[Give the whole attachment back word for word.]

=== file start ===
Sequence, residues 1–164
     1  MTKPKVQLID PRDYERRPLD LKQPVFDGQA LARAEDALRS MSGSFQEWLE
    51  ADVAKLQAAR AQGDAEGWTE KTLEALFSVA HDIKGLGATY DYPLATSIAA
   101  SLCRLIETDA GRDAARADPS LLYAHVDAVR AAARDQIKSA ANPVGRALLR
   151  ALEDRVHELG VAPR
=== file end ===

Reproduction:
Sequence, residues 1–164
     1  MTKPKVQLID PRDYERRPLD LKQPVFDGQA LARAEDALRS MSGSFQEWLE
    51  ADVAKLQAAR AQGDAEGWTE KTLEALFSVA HDIKGLGATY DYPLATSIAA
   101  SLCRLIETDA GRDAARADPS LLYAHVDAVR AAARDQIKSA ANPVGRALLR
   151  ALEDRVHELG VAPR